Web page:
The second component \(f_n\), which is the resultant force of repulsive forces of the UAVs, is created to arrange the unmanned vehicles evenly distributed on the spherical surface. We define leader-UAV as the center at \(\left( {{x_l},{y_l},{z_l}} \right)\) and all UAVs have been negatively or positively charged. The repulsive forces affect on the unmanned vehicles which have identical electric charge. The control force that is defined in (5) keeping the UAVs on the spherical surface whose radius is \(r_a\) and center is \(\left( {{x_l},{y_l},{z_l}} \right)\). The unmanned vehicle reaches the equilibrium point when the resultant of repulsive forces tangent to the spherical surface acting on an UAV is zero. It means that the distances between UAVs are equal. Then, the goal is achieved. The repulsive force between two UAVs is defined as follows:

$$\begin{aligned} {f_{ni}} = {k_r}\frac{{{q_n}{q_i}}}{{r_{ni}^2}} \end{aligned}$$
(7)

where \({{q_n}}\) is electric quantity of the nth unmanned vehicle, \({{q_i}}\) is electric quantity of the ith unmanned vehicle, \({k_r}\) is the repulse constant coefficient, \({r_{ni}}\) is the distance between the ith and the nth unmanned vehicle. The amount of unmanned vehicle is N. Hence, the resultant of the repulsive forces from the other unmanned vehicles on the nth unmanned vehicle is given as follows:

$$\begin{aligned} {f_n} = {k_r}{q_n}\sum \limits _{i = 1,i \ne n}^N {\frac{{{q_i}}}{{r_{ni}^2}}} \end{aligned}$$
(8)
Fig. 2
figure2

Direction of the unmanned vehicle movement

In Fig. 2, P is the initial position of UAV. \(P'\) is the position of UAV after move. \(Q_1\) is projection of P on the \(X_0-O-Y_0\) plane. \(Q_2\) is projection of \(P'\) on the \(X_0-O-Y_0\) plane. \(Q_3\) is projection of \(P^{\prime }\) on the \(Z_0-O-Q_1\) plane. By decomposing the resultant force in three directions, component forces are in the x-axis direction, y-axis direction and the z-axis direction, respectively. It is shown in Fig. 2 as follows:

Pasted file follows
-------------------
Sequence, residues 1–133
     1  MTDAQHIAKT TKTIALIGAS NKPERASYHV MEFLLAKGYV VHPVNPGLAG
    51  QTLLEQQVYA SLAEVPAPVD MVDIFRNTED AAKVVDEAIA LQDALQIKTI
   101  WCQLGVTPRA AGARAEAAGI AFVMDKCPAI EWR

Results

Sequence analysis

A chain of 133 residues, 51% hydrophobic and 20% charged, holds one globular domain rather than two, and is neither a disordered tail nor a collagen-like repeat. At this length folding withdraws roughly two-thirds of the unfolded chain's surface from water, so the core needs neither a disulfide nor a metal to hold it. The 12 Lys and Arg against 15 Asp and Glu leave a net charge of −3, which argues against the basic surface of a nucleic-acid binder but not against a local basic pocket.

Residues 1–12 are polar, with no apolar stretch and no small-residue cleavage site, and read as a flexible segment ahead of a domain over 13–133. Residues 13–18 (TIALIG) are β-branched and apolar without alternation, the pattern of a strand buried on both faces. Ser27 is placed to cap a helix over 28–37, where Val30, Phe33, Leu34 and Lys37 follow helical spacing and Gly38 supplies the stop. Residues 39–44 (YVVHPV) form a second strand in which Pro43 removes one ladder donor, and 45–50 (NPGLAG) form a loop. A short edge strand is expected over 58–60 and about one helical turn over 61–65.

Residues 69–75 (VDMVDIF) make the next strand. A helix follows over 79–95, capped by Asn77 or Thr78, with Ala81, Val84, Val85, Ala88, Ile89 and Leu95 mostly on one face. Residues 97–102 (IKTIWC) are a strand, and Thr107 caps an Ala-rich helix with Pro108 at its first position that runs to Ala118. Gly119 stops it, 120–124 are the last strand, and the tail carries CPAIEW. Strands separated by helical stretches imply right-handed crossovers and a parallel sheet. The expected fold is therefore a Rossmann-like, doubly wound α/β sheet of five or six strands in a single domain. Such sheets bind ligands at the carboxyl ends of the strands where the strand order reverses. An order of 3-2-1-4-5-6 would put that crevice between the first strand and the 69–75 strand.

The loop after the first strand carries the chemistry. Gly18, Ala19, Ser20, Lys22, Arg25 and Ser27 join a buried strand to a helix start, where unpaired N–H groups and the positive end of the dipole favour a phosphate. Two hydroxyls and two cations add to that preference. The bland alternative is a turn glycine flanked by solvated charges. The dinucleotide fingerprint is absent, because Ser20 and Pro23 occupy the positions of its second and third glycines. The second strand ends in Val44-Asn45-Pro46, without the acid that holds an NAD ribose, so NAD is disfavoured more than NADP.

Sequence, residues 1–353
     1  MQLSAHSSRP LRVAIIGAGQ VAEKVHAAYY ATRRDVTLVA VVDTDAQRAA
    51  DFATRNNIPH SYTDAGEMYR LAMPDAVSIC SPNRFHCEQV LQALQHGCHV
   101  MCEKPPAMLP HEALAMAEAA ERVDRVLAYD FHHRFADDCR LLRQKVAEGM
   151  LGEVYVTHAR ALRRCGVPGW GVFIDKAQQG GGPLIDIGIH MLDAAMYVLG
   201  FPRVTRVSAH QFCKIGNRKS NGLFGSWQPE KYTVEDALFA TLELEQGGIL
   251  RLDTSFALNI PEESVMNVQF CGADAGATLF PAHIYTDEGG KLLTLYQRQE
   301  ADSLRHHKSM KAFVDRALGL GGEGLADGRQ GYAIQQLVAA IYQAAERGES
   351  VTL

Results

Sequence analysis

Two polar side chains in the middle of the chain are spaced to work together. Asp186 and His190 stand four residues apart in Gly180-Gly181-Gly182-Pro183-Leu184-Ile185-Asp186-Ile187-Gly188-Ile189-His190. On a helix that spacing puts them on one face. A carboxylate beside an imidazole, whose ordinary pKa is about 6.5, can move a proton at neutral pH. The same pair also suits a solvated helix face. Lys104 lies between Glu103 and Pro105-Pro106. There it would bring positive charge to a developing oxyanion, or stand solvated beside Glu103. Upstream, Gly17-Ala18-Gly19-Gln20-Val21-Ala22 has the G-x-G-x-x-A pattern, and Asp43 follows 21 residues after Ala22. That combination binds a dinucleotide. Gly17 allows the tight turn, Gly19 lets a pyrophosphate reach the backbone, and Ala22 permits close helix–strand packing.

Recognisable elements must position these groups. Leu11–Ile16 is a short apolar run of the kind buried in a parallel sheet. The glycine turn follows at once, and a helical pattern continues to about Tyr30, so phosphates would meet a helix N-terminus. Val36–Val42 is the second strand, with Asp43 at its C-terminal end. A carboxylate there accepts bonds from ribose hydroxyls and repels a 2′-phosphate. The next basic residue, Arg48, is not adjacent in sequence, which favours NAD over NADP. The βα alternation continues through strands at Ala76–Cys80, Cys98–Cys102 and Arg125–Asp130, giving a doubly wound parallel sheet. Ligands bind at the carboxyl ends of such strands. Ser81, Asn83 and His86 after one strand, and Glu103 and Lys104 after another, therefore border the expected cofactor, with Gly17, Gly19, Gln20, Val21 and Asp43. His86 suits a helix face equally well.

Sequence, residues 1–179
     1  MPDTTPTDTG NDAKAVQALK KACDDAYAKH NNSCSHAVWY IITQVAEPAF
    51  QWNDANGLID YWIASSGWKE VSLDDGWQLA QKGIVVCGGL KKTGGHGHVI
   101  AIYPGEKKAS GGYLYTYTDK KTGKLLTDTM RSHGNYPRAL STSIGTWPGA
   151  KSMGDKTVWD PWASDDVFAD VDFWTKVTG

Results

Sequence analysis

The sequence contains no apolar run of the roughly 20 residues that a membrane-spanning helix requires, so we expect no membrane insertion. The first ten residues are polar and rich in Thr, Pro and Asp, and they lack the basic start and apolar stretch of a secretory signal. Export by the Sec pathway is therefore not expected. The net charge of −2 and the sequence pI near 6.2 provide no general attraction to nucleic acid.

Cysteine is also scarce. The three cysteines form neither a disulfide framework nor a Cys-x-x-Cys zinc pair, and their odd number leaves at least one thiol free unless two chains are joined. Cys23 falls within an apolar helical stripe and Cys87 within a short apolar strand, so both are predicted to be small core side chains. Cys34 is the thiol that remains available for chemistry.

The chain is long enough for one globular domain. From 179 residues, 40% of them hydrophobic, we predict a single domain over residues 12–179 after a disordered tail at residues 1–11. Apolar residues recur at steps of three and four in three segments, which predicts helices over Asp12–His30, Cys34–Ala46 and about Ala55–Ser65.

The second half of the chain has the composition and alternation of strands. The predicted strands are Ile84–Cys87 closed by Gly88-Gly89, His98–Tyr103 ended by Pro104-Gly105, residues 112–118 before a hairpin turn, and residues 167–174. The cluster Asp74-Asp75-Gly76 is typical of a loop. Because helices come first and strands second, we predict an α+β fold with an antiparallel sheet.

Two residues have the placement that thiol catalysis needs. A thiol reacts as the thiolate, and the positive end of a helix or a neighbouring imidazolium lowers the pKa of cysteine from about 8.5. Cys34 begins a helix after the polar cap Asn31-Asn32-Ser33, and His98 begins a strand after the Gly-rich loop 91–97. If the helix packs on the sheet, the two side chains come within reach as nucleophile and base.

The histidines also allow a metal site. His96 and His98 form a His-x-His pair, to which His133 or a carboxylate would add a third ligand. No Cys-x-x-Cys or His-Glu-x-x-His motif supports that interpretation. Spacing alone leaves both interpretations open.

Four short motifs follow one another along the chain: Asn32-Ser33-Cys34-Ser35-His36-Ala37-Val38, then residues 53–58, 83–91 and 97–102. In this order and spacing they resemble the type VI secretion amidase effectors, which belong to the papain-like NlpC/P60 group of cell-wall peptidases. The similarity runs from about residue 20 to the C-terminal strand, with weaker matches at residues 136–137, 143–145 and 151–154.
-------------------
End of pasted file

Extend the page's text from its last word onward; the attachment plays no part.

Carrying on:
$$\begin{aligned} {f_{x_{n}}}&= {k_r}{q_n}\sum \limits _{i = 1,i \ne n}^N {\frac{{{q_n}{q_i}}}{{r_{ni}^2}}\cos {\theta _{ni}}\cos {\varphi _{ni}}} \nonumber \\ {f_{y_{n}}}&= {k_r}{q_n}\sum \limits _{i = 1,i \ne n}^N {\frac{{{q_n}{q_i}}}{{r_{ni}^2}}\cos {\theta _{ni}}\sin {\varphi _{ni}}} \nonumber \\ {f_{z_{n}}}&= {k_r}{q_n}\sum \limits _{i = 1,i \ne n}^N {\frac{{{q_n}{q_i}}}{{r_{ni}^2}}\sin {\theta _{ni}}} \end{aligned}$$
(9)

where

$$\begin{aligned} \sin {\theta _{ni}}&= \frac{{{z_n} - {z_i}}}{{\left| {{r_{ni}}} \right| }}\\ \cos {\theta _{ni}}&= \frac{{\sqrt{{{\left( {{x_n} - {x_i}} \right) }^2} + {{\left( {{y_n} - {y_i}} \right) }^2}} }}{{\left| {{r_{ni}}} \right| }}\\ \cos {\varphi _{ni}}&= \frac{{{x_n} - {x_i}}}{{\sqrt{{{\left( {{x_n} - {x_i}} \right) }^2} + {{\left( {{y_n} - {y_i}} \right) }^2}} }}\\ \sin {\varphi _{ni}}&= \frac{{{y_n} - {y_i}}}{{\sqrt{{{\left( {{x_n} - {x_i}} \right) }^2} + {{\left( {{y_n} - {y_i}} \right) }^2}} }}\\ {r_{ni}}&= \sqrt{{{\left( {{x_n} - {x_i}} \right) }^2} + {{\left( {{y_n} - {y_i}} \right) }^2} + {{\left( {{z_n} - {z_i}} \right) }^2}} \end{aligned}$$

Consider the nth UAV’s dynamical equation (2), the nth UAV’s dynamical equations based on the virtual structure can be rewritten as:

$$\begin{aligned} {u_{{x_n}}}&= \frac{{{f_{{x_{nc}}}} + {f_{{x_n}}}}}{m}\nonumber \\ {u_{{y_n}}}&= \frac{{{f_{{y_{nc}}}} + {f_{{y_n}}}}}{m}\nonumber \\ {u_{{z_n}}}&= \frac{{{f_{{z_{nc}}}} + {f_{{z_n}}}}}{m} \end{aligned}$$